One thing that strikes me as a little funny is the order that the kits come in. The Mustang started off with the front grill and headlights, plus a wheel, the engine (it’s the top half of the engine, with the air filter), the back of the driver’s seat, and the hood. Of course, none of these components actually attach to each other, so that means I have this random collection of car parts, and I have to just keep them organized until something comes along that connects them together. With the DeLorean, one of the latest kits included the frame, so now I’ve at least attached both of the wheel and suspension structures to it—but that still leaves the back of the car and the fender, as well as some other scattered pieces. I’m not sure how they decide the order of kits, and I’m curious to see what’s next in each build.
It’s been a lot of fun to see how things fit together—for the DeLorean, I enjoyed putting together the suspensions for the front wheels, and I’ve got part of the steering mechanism as well so I can see it working, too. The DeLorean also has a swappable part for the top of the nuclear reactor: you can either have the cap where Doc inserts the plutonium, or put the Mr. Fusion on it instead.
The level of detail on the components is great, though it also means there are some very tiny bits you’ll have to assemble. For instance, on the Mr. Fusion part, there are two tiny springs attached to the red clamp—you have to put one end of the spring onto the clamp, then fit the spring into place, and then secure it with two screws. If you need reading glasses, you’ll definitely want to keep them handy during assembly.
We did run into a few issues. For instance, in the introductory pamphlet for the Eleanor Mustang, one of the listed features is windows that roll up and down—but once we got to kit 16, the one with the window, we noticed that the window is screwed directly onto the door, so it definitely doesn’t move. I asked my contact at Eaglemoss about this, and here’s the response: “Yes, the wind-down windows was a communication error between the package, the supplier and us. The Marketing team sent out an email to customers confirming that it was a mistake and apologizing for this.” They said the rest of the information should be correct, though.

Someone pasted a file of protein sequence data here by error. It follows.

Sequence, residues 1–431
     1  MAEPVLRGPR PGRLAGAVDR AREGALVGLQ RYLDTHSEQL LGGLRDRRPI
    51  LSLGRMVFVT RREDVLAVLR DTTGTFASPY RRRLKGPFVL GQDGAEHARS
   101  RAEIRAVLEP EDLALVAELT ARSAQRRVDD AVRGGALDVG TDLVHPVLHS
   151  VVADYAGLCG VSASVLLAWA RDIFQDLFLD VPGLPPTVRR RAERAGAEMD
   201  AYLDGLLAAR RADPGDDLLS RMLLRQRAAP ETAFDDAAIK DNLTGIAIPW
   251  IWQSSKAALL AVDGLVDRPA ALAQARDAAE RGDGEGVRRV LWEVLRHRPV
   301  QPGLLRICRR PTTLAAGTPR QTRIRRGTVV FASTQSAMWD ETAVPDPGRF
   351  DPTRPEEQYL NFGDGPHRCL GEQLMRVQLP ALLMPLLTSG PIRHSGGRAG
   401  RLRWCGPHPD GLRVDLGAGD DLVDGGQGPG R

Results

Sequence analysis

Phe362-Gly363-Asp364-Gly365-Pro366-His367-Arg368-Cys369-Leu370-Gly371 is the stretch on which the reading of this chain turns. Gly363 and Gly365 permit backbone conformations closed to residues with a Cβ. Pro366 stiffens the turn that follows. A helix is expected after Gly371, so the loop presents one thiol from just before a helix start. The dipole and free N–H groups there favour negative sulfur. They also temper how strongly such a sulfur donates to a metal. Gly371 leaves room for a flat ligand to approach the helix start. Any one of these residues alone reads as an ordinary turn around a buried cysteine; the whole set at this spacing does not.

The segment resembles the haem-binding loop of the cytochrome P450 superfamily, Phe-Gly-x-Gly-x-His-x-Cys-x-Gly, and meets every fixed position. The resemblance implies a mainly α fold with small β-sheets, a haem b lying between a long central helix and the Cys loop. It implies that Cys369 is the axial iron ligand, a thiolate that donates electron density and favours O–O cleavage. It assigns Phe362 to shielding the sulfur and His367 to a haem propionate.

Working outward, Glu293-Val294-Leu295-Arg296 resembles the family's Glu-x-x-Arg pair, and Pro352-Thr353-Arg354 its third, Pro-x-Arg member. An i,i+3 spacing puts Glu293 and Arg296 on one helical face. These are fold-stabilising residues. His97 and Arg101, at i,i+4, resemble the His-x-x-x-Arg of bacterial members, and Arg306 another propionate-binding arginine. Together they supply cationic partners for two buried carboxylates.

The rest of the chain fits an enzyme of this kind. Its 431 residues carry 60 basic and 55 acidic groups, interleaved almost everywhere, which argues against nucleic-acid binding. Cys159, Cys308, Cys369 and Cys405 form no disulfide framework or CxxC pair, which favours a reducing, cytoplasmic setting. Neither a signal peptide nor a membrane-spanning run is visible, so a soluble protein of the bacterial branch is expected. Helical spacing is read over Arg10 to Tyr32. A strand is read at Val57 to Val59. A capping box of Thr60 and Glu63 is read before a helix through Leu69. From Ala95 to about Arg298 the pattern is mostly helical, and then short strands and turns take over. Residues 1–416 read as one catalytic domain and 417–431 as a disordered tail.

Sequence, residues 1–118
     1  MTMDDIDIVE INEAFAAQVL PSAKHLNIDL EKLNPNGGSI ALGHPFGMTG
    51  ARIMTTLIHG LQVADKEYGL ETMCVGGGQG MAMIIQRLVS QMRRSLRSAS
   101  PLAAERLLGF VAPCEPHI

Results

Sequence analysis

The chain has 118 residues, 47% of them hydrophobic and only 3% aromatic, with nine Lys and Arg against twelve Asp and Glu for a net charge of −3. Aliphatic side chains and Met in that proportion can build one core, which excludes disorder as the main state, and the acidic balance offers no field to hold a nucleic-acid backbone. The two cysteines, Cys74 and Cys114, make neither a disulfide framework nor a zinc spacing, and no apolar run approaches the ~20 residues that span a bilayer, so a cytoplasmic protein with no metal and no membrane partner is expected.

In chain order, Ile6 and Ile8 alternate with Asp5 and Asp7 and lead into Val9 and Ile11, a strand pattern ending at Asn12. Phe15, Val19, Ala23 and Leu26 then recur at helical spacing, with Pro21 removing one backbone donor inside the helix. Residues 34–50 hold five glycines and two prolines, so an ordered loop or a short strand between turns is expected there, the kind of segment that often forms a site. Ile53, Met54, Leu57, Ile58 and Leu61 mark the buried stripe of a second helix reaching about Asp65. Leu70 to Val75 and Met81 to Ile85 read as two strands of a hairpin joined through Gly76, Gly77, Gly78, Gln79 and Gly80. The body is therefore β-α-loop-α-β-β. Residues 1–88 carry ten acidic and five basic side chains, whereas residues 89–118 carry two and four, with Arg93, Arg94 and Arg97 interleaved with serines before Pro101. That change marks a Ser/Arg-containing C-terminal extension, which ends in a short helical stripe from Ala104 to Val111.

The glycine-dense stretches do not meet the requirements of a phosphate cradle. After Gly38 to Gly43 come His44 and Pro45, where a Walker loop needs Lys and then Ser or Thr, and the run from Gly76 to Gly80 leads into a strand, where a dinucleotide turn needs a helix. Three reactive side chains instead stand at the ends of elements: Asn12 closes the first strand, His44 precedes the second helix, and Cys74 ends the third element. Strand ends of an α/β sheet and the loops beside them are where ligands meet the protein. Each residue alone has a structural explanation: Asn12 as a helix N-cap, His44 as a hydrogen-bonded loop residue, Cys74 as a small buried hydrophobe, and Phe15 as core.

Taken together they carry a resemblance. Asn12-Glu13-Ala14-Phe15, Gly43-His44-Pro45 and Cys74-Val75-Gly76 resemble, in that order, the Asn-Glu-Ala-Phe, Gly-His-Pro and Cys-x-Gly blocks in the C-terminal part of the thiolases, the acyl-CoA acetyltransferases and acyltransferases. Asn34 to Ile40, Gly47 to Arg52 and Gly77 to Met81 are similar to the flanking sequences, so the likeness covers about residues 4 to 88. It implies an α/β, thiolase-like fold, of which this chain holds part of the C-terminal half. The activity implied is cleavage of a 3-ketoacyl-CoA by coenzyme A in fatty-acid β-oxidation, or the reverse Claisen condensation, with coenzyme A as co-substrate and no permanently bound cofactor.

Another issue I ran into was with the DeLorean: once I’d assembled the frame and attached the two wheels, I noticed that the right wheel spun freely but the left one tended to stick for some reason. Between this and a small part that I broke on the Mustang’s door, I figured it was a good opportunity to find out about the replacement policy. For manufacturing defects, Eaglemoss will ship a replacement for free if you send them a photo of what’s wrong. For parts that you break, they’ll send you a replacement kit at your expense. For the DeLorean, Eaglemoss sent a replacement suspension and wheel. I assembled both, removed the old one from the frame and attached the new one, and … it does the same thing. That’s kind of disappointing, because I’m not sure I want to assemble it again, but also it does seem like maybe there’s just something wrong with the wheel model that makes it spin just slightly off-center. I just received the replacement this past week, so I may contact them again to see if they can help me figure out what’s going on there. There’s also a magnet in a piece designed so that the wheels can flip down, but the magnets keep coming unglued from the plastic and sticking to the metal that’s supposed to hold the plastic in place.
I think the biggest barrier for many will be the cost; as cool as the finished product will be, I’m not sure that the subscription is something that I’d be able to afford myself if I weren’t receiving it to review. Granted, $60 a month on a hobby isn’t totally out of reach for me—that’s about the cost of a decent board game—but for me the board game will provide hours of engagement, while one shipment of kits can be assembled sometimes in less than an hour. Add in the amount of time it takes to read through the magazines and there’s a bit more value there, but it’s not going to fill up the month before your next shipment arrives. Your mileage may vary, of course—and it’ll also depend on how much you’re drawn to the particular vehicles.
Overall, I’m still excited to work through the rest of the builds, despite some of my complaints. I’m excited to see it all put together, and I love the attention to detail that has gone into the models. It’s been a fun project to work on with my daughter, too, though it feels a bit unreal that by the time we finish the Mustang she’ll be halfway through high school. I’m reminded of that Johnny Cash song, “One Piece at a Time.”
For more about the Die-Cast Club, including the list of kits currently available, visit the official website.